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90s Slang You Should Know

hare

[hair] /hɛər/
noun, plural hares (especially collectively) hare.
1.
any rodentlike mammal of the genus Lepus, of the family Leporidae, having long ears, a divided upper lip, and long hind limbs adapted for leaping.
2.
any of the larger species of this genus, as distinguished from certain of the smaller ones known as rabbits.
3.
any of various similar animals of the same family.
4.
(initial capital letter) Astronomy. the constellation Lepus.
5.
the player pursued in the game of hare and hounds.
verb (used without object), hared, haring.
6.
Chiefly British. to run fast.
Origin of hare
900
before 900; Middle English; Old English hara; cognate with Danish hare; akin to German Hase hare, Old English hasu gray
Related forms
harelike, adjective
Can be confused
hair, hare.
Dictionary.com Unabridged
Based on the Random House Dictionary, © Random House, Inc. 2017.
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British Dictionary definitions for hared

Hare1

/hɛə/
noun
1.
Sir David. born 1947, British dramatist and theatre director: his plays include Plenty (1978), Pravda (with Howard Brenton, 1985), The Secret Rapture (1989), Racing Demon (1990), The Permanent Way (2003), and Stuff Happens (2004)
2.
William. 19th century, Irish murderer and bodysnatcher: associate of William Burke

Hare2

/hɛə/
noun
1.
a member of a Dene Native Canadian people of northern Canada
Word Origin
of Athapascan origin

hare

/hɛə/
noun (pl) hares, hare
1.
any solitary leporid mammal of the genus Lepus, such as L. europaeus (European hare). Hares are larger than rabbits, having longer ears and legs, and live in shallow nests (forms) related adjective leporine
2.
(Irish, informal) make a hare of someone, to defeat someone completely
3.
run with the hare and hunt with the hounds, to be on good terms with both sides
verb
4.
(intransitive; often foll by off, after, etc) (Brit, informal) to go or run fast or wildly
Derived Forms
harelike, adjective
Word Origin
Old English hara; related to Old Norse heri, Old High German haso, Swedish hare, Sanskrit śaśá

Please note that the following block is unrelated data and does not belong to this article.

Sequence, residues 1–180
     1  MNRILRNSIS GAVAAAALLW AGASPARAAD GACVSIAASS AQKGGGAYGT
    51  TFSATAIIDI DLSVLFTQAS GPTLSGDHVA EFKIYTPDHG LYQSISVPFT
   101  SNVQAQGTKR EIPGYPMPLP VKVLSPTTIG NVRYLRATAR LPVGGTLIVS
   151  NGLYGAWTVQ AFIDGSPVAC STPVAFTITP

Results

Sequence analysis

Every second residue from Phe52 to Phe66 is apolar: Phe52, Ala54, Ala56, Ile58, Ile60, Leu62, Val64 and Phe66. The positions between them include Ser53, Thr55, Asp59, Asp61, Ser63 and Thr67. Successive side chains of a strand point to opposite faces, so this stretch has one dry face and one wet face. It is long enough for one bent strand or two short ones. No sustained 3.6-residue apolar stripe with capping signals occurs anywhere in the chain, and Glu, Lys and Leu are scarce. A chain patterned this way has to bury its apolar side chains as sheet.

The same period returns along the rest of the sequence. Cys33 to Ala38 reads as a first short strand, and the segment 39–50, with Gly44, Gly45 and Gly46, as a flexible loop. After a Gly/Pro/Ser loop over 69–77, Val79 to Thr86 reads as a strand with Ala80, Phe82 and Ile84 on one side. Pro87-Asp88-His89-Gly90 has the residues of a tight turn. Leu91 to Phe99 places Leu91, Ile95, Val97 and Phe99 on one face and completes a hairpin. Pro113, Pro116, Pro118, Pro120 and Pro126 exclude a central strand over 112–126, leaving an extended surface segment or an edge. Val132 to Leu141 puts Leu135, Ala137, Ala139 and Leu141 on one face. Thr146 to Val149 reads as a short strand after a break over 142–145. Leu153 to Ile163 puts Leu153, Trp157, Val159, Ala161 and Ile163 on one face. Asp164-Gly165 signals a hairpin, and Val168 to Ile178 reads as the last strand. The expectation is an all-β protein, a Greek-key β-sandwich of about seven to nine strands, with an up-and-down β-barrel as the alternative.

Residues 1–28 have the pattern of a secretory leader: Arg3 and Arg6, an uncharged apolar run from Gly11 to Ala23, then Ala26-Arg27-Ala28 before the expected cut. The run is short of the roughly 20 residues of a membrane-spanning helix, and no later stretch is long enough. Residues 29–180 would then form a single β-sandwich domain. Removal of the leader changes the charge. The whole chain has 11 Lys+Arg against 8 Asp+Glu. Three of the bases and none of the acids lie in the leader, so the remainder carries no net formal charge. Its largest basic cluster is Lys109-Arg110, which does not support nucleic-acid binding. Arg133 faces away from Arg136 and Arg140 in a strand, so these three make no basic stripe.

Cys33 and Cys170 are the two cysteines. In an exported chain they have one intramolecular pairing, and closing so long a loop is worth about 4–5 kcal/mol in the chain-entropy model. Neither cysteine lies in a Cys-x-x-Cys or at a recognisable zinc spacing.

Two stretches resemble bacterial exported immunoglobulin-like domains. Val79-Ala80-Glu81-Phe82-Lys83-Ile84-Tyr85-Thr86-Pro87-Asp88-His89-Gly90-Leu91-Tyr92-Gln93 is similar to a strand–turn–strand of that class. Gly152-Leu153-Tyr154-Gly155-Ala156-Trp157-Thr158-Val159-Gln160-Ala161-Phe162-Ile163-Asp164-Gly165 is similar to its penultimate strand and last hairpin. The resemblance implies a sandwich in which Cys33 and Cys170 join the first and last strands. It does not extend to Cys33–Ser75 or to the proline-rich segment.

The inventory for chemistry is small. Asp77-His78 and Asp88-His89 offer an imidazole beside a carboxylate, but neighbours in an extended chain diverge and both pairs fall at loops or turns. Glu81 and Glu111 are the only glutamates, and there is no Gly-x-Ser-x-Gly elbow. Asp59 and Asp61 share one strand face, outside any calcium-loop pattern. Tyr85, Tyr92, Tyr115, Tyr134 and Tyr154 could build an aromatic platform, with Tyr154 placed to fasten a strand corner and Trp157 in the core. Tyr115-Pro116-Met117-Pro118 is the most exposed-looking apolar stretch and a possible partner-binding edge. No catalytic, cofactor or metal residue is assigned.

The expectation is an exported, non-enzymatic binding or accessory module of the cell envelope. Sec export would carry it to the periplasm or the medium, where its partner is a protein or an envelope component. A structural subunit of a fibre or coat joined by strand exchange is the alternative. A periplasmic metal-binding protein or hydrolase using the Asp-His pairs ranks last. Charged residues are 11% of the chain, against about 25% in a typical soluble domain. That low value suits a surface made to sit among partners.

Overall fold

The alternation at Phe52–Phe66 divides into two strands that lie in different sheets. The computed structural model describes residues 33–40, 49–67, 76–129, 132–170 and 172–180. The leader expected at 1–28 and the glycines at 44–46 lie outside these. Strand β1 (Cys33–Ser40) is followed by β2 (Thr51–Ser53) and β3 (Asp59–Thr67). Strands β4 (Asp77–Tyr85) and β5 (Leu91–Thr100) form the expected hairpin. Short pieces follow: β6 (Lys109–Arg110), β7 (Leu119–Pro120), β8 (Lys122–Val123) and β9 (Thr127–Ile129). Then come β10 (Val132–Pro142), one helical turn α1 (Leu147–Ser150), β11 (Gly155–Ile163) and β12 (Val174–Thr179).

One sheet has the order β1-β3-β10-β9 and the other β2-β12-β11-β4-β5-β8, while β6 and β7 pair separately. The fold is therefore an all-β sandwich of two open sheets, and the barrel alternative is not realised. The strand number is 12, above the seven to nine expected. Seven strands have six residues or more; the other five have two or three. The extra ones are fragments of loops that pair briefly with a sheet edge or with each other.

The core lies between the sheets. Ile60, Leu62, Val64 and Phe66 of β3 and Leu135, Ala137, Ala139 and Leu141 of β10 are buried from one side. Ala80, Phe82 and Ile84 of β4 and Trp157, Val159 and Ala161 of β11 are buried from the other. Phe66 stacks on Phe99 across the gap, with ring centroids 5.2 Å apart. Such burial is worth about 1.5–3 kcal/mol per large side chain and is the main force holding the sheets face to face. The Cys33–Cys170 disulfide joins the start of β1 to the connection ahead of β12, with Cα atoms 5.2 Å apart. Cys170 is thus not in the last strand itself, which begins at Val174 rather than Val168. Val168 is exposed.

Collins English Dictionary - Complete & Unabridged 2012 Digital Edition
© William Collins Sons & Co. Ltd. 1979, 1986 © HarperCollins
Publishers 1998, 2000, 2003, 2005, 2006, 2007, 2009, 2012
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Word Origin and History for hared

hare

v.

"to harry, harass," 1520s; meaning "to frighten" is 1650s; of uncertain origin; connections have been suggested to harry (v.) and to hare (n.). Related: Hared; haring.

hare

n.

Old English hara "hare," from West Germanic *hasan- (cf. Old Frisian hasa, Middle Dutch haese, Dutch haas, Old High German haso, German Hase), possibly with a sense of "gray" (cf. Old English hasu, Old High German hasan "gray"), from PIE *kas- "gray" (cf. Latin canus "white, gray, gray-haired"). Perhaps cognate with Sanskrit sasah, Afghan soe, Welsh ceinach "hare." Rabbits burrow in the ground; hares do not. Hare-lip is from 1560s.

þou hast a crokyd tunge heldyng wyth hownd and wyth hare. ["Jacob's Well," c.1440]

v.

"to harry, harass," 1520s; meaning "to frighten" is 1650s; of uncertain origin; connections have been suggested to harry (v.) and to hare (n.). Related: Hared; haring.

Online Etymology Dictionary, © 2010 Douglas Harper
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Idioms and Phrases with hared
The American Heritage® Idioms Dictionary
Copyright © 2002, 2001, 1995 by Houghton Mifflin Company. Published by Houghton Mifflin Company.
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